Patients’ views about treatment with combination therapy for Rheumatoid Arthritis: a comparative qualitative study
1 Academic Department of Rheumatology, King’s College London School of Medicine, Weston Education Centre, 10, Cutcombe Rd, London, SE5 9RJ, UK
2 Department of Psychological Medicine, King’s College London, Institute of Psychiatry, Weston Education Centre, 10, Cutcombe Rd, London, SE5 9RJ, UK
BMC Musculoskeletal Disorders 2012, 13:200 doi:10.1186/1471-2474-13-200Published: 18 October 2012
Combinations of disease-modifying anti-rheumatic drugs (DMARDs) are increasingly used to control active rheumatoid arthritis (RA); however there is little information about patients’ perspectives, their expectations, concerns and experiences of this intensive treatment.
We interviewed a quota sample of 18 patients from a single tertiary outpatient clinic, stratified by gender, ethnicity and age, based on the outpatient clinic population. Patients with early RA (<2 years) received combined conventional DMARDs; patients with established RA (>2 years) received combined conventional DMARDs or DMARDs with biologics.
Four main themes emerged from the analytical framework: (i) patients’ expectations about the combined treatment focuses mainly on physical symptoms; (ii) the impact of the treatment on quality of life varied with the new medication in both groups (iii) concerns about new interventions concentrated mainly on potential side effects; and (iv) combination therapy can be self-managed in close collaboration with clinic staff, but this requires individualised management approaches. These themes resonate with von Korff’s collaborative management of chronic illness model.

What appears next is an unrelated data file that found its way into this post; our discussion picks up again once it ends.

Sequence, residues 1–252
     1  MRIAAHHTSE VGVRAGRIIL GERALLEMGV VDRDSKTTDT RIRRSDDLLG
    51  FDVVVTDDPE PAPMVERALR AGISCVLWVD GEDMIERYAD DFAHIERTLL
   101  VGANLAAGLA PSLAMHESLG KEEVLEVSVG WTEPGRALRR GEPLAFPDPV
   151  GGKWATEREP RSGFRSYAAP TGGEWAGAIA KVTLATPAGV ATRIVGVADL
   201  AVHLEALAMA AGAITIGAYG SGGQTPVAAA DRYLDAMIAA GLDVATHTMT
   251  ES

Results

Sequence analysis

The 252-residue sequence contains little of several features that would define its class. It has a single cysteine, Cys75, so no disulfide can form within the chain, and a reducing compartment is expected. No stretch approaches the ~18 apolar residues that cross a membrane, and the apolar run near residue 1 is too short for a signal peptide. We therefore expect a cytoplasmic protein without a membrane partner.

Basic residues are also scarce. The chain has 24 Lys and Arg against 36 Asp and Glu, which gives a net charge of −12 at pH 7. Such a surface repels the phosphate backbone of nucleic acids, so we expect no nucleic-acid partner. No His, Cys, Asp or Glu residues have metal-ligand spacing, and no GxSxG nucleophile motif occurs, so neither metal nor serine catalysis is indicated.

To our knowledge this is the first qualitative study that examined systematically in patients with early and established RA their expectations, impact on quality of life, concerns about side effects and the management of the treatment when taking combined medication with DMARDs or DMARDs and biologics. Patients have generally positive views of combination DMARDs. Within routine practice settings, achieving medication concordance with complex combined DMARD regimens is challenging, and the concerns vary between patients; careful individual assessments are essential to successfully deliver such intensive treatment.